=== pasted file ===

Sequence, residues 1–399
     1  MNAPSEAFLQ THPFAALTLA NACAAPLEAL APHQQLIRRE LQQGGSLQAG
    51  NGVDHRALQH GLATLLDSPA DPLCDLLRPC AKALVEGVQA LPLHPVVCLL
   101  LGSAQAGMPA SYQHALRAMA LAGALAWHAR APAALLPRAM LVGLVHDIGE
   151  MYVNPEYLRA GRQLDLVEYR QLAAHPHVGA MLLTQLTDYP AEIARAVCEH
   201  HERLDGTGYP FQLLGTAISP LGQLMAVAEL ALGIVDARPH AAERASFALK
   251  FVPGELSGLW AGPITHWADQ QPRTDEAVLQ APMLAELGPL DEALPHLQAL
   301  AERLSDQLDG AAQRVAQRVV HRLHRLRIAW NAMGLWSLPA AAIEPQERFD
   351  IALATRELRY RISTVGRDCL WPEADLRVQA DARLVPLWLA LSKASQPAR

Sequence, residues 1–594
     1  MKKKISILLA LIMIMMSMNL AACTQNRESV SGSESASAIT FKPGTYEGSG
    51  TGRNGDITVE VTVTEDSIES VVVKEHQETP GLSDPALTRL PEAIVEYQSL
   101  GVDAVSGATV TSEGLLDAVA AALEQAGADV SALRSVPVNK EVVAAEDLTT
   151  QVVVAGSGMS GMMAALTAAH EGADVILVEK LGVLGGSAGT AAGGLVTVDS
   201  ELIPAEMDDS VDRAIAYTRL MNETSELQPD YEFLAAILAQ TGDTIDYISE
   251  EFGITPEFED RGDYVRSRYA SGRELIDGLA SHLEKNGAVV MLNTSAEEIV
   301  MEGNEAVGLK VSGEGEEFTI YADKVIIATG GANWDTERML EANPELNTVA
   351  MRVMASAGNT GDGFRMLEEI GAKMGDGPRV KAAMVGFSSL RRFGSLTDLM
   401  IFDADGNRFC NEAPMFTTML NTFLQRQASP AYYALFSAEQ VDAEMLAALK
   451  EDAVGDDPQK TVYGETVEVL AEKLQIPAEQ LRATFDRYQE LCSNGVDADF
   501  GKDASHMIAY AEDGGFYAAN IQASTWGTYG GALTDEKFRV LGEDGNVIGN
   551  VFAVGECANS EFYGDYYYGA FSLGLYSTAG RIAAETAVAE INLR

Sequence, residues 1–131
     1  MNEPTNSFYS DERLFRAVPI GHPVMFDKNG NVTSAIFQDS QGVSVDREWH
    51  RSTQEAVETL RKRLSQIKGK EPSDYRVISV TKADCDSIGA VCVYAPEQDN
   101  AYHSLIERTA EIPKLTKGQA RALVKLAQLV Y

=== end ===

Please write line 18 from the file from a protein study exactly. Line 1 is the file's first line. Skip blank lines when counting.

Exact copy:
   351  MRVMASAGNT GDGFRMLEEI GAKMGDGPRV KAAMVGFSSL RRFGSLTDLM